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Thai cabinet overturns GMO approval

(Wednesday, Sept. 1, 2004 -- CropChoice news) -- Trirat Puttajanyawong, Reuters, 08/31/04:
BANGKOK - Thailand's cabinet decided on Tuesday to keep a three-year ban on planting crops using genetically modified organisms (GMO), overturning a decision by a panel chaired by Prime Minister Thaksin Shinawatra.

Instead, it decided to set up a panel to hear the arguments for and against GMO crops from state agencies and biotech lecturers at all Thai universities, Science Minister Korn Dabbaransi told reporters.

"We will have academics from all universities to hear their view on three options -- 1) to promote GMOs freely in Thailand, 2) to allow the co-existence of GM and non-GM crops, or 3) to ban GMOs completely," Korn said after the weekly cabinet meeting.

Tuesday's decision reversed one made by Thaksin's committee only little more than a week ago to allow open-field trials alongside non-GMO plants.

The following day, Thaksin used part of his weekly radio address to laud Thailand as a country technologically capable of developing GMOs.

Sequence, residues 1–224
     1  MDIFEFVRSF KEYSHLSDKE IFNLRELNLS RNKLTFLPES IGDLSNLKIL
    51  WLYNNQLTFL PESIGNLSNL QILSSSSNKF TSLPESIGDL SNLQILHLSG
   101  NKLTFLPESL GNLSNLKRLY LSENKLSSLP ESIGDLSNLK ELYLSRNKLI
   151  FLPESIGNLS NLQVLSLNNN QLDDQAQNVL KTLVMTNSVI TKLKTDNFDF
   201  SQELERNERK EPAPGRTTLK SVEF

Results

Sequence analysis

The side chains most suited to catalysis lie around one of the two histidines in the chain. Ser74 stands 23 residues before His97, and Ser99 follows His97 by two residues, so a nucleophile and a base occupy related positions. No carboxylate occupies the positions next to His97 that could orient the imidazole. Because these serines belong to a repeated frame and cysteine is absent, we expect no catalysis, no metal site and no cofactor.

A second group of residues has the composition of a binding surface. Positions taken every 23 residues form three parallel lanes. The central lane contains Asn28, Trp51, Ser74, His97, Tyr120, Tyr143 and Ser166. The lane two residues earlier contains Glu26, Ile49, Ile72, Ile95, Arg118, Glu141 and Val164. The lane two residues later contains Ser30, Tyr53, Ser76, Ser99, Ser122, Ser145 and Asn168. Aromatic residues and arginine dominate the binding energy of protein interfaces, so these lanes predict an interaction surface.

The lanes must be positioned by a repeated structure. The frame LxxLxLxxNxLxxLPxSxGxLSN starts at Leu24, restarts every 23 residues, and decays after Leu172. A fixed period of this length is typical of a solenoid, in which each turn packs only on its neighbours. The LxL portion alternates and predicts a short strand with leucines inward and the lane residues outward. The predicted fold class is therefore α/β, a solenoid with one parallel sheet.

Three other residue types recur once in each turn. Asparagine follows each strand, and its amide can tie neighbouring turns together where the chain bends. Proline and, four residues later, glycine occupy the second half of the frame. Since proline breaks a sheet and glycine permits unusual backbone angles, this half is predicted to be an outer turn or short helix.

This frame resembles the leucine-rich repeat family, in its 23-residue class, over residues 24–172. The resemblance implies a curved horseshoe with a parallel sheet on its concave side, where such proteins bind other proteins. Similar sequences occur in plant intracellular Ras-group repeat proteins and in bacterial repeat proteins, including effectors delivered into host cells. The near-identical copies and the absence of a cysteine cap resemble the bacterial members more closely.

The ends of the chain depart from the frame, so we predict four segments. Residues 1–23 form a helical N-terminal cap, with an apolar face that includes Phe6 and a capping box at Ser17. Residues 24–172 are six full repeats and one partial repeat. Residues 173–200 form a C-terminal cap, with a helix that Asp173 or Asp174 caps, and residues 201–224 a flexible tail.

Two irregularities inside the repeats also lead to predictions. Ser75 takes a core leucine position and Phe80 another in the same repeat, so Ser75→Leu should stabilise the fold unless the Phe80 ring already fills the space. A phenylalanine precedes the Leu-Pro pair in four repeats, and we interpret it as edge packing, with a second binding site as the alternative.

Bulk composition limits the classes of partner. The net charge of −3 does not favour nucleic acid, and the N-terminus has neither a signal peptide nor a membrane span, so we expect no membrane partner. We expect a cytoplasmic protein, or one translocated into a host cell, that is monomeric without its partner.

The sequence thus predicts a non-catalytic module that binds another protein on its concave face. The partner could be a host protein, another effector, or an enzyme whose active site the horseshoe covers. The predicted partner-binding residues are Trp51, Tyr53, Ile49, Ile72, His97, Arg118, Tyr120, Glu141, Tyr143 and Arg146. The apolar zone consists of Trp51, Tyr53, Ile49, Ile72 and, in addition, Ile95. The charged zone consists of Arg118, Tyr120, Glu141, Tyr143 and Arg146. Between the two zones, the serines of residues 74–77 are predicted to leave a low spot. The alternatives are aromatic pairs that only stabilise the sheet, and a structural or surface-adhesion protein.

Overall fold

"If we don't start now, we will miss this scientific train and lose out in the world," he said.

The debate on biotech grains has intensified worldwide, with advocates saying they could lead to a more secure future for food, while opponents say they could produce new toxins and allergens, affecting the health of consumers.

Following Thaksin's decision, anti-GMO activists, including Greenpeace and organic food growers, went out on the streets to urge the government to reverse its decision, fearing the country's organic food export industry would be hit hard.

Anti-GMO advocates said by adopting open field trials, Thailand was heading towards promoting GMOs freely as the government had no measures to prevent GM crops from contaminating non-GMO crops.

Korn said the government would not change its GMO policy until a law on biotechnology had been passed.

Planting of GM crops is now done in government laboratories for papayas, chillies and eggplants, while imports of genetically modified soybeans and maize for animal feedstock and other commercial uses are legal, officials said.

A consumer group reacted warily to the cabinet decision and urged the government to allow anti-GMO activists to take part in the drafting process of a new law on biotechnology.

"We hope this government didn't keep the ban because they were afraid of losing their popularity ahead of the general election," said Sairung Thongplon of the Confederation of Consumers' Organisations.

"We hope it will not lift the ban after the elections" due by the end of March.

(Additional reporting by Sasithorn Simaporn)